Pet Headquarters agrees to stop selling dogs

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Chris DeRose, founder of animal advocacy group LCA, with LCA members Kim Sill, Mark Goff, Robert Cabral and Bryan Stevens in front of Pet Headquarters. The group negaotiated with storeowner Kevin Madden, who agreed to stop selling dogs at the store because the group believes the animals came from puppy mills where they are inhumanely treated.

The store’s owner says his dogs came from quality breeders, but because protests were hurting his business, he said he agreed to terms with an animal advocacy group to stop selling puppies from the store.

By Nora Fleming / Special to The Malibu Times

After 15 years in the business, Pet Headquarters, located in Malibu Country Mart, will no longer sell puppies. The decision came after a series of negotiations with an animal advocacy group that claimed the store sold dogs that came from puppy mills.

Since June, several local residents teamed with animal rights organization Last Chance for Animals to protest the sale of Pet Headquarters’ dogs, which they said came from breeders who treated the dogs inhumanely. In November, the group began to discuss a solution with Kevin Madden, Pet Headquarters owner, about discontinuing the puppy sales.

Madden, who has been in the business for 17 years, stands by his conviction that the dogs he has purchased and sold in Malibu have come from quality breeders. He said he decided to stop selling dogs at the store because protestors were making it harder for his business to survive, not because he believed the animals came from puppy mills.

“They were making it harder and harder for me to sell puppies,” Madden said. “I have always done everything by the book. They weren’t telling the truth: I don’t buy my puppies from puppy mills, but it economically just became too tough [to compete].”

LCA advocate Kim Sill, who facilitated discussions with Madden, said Madden was at no point breaking the law, but she is convinced Pet Headquarters’ dogs were from puppy mills due to the locations the store’s dogs were coming from, states like Arkansas that have high numbers of puppy mills, in addition to the fact that Madden purchased dogs from the puppy broker company Lambriar, which she said obtains dogs from puppy mills.

Madden said he did purchase his dogs from Lambriar, but that the company is licensed by the USDA and inspected by the state. All dogs from Lambriar, he said, come from quality breeders.

“There’s a lot of money behind them,” Madden said of LCA. “I knew I had my hands full and it would just keep getting worse. You give these people an inch, and they take a mile.”

However, Sill said LCA had sent investigators to breeders that Lambriar purchases puppies from and have found almost all to be puppy mills with inhumane conditions.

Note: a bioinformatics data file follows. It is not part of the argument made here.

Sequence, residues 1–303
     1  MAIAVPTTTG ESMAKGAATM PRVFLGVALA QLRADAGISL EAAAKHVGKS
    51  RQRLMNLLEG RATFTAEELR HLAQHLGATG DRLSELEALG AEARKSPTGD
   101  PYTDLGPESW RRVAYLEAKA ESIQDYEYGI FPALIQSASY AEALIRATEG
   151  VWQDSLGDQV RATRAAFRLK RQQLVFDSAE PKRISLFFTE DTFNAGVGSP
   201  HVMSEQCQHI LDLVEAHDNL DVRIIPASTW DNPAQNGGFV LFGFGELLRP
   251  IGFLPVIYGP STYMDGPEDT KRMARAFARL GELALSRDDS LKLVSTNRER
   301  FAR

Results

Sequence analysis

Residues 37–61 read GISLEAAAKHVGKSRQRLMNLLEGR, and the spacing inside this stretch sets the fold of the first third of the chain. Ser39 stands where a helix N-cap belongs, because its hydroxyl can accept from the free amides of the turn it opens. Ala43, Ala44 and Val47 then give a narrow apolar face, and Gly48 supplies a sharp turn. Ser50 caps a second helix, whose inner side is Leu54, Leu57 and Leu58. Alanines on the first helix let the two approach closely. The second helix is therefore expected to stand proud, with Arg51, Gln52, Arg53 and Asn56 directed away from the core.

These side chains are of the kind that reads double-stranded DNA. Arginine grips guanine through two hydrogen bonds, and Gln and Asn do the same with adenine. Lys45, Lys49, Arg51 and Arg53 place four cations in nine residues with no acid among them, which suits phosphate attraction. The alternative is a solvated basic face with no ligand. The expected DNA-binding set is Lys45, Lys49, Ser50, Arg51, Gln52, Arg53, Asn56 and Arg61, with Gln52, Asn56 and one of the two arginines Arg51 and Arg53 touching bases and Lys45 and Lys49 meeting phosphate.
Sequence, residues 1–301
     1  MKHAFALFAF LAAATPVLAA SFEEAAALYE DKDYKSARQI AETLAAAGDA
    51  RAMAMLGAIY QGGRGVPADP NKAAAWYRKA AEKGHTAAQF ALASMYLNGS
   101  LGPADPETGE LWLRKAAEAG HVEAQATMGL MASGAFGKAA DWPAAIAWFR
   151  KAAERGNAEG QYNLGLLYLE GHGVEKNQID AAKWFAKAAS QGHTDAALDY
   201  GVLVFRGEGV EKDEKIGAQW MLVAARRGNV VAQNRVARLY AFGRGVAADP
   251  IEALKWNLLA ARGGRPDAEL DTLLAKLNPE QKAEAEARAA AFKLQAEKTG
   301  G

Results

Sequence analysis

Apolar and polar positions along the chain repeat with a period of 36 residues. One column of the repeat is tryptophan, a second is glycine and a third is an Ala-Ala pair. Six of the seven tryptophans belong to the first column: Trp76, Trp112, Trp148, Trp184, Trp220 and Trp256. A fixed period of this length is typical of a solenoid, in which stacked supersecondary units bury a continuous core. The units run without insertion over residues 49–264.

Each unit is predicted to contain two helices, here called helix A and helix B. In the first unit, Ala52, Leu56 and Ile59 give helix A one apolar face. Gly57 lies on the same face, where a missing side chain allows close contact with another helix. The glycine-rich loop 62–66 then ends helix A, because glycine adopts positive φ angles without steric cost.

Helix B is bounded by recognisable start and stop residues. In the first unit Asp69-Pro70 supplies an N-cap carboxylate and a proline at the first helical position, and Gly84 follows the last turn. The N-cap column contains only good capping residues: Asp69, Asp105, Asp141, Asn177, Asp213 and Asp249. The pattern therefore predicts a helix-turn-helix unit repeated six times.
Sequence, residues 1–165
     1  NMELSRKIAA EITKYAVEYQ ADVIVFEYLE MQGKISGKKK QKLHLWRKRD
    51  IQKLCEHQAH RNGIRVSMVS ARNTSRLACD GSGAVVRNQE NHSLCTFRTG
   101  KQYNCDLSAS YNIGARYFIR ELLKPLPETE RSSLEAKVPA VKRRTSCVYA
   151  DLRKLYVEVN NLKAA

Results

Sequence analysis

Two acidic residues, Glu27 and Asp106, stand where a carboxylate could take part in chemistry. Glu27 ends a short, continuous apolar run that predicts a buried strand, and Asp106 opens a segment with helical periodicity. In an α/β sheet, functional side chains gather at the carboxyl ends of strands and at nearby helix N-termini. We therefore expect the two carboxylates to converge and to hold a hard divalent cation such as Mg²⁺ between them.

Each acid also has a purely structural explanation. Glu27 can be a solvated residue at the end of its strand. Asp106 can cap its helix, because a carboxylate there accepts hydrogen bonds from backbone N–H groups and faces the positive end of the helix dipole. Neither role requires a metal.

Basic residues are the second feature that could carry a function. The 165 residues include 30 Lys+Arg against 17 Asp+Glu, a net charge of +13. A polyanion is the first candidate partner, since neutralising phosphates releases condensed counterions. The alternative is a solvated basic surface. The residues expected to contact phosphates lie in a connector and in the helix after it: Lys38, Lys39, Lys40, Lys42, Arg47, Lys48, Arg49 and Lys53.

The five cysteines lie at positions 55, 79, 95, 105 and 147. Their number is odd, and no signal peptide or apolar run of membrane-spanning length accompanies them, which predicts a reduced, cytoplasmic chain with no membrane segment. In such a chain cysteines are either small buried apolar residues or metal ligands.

Madden signed a statement with LCA that he would never sell dogs again, in addition to accepting $10,000 from the organization for his puppy containers that held the dogs that were for sale in the store.

“At LCA it is our goal to change the way the pet trade does business, not put them out of business,” said Sills, who added that LCA plans to support Pet Headquarters in whatever way possible and hopes to use his store as a model for other pet stores to change their business practices.

Kathleen Sommers, a deputy director at The Humane Society, in an earlier interview with The Malibu Times, said 98 percent to 99 percent of all pet store dogs come from puppy mills, which are legal in the United States.

In many puppy mills, over breeding, inbreeding, overcrowded cages, lack of medical care and inhumane treatment are typical, she said. Puppy mill dogs are often purchased from middlemen brokers who sell them to pet stores in bulk. While the USDA licenses many puppy mill breeders, it does not mean they are a quality breeding facility, she said.

“It’s legal to farm dogs as if they were cows and chickens, though we regard them as companion pets,” Sommers said. “We’ve continually found facilities violating the animal welfare act that are licensed and relicensed by the USDA again and again.”

Madden said puppy sales in general have deteriorated due to the current economic crisis, but his sales declined much more substantially because of the protests. He said he is now receiving criticism from people who are complaining that he is continuing to sell cats and other pets and is unclear if his business will survive, with high Malibu rents and the lack of puppy sales.

Pet Headquarters typically housed 20 puppies at a time in the store, which sold for an average of $1,000 to $1,500 each. All puppies that were in the store prior to the agreement have since found homes.

While Pet Headquarters had been the main target of protests, LCA and protestors were also looking into Millionaire Mutts, formally located in Malibu Colony Plaza, which they also believed purchased dogs from puppy mills. Suzanne Cargill, owner of Millionaire Mutts, denied the accusations, and has since moved her business from the plaza.

Pet Headquarters’ store manager, Paul Dalton, will be moving into the old Millionaire Mutts site to operate a new store selling pet supplies alone.

Meanwhile, protestors celebrate their achievement.

“As a pet lover, I couldn’t just stand by and know that animals were being subjected to horrific conditions and idly do nothing,” said local resident Pam Van Ierland, who participated in the protests.

“After eight months of candlelight vigils for slain puppy mill dogs, booths set up at the Malibu Chili Cook-Off to raise badly needed funds, after being assaulted and losing each and every Saturday with my kids, I was paid off in spades,” she added.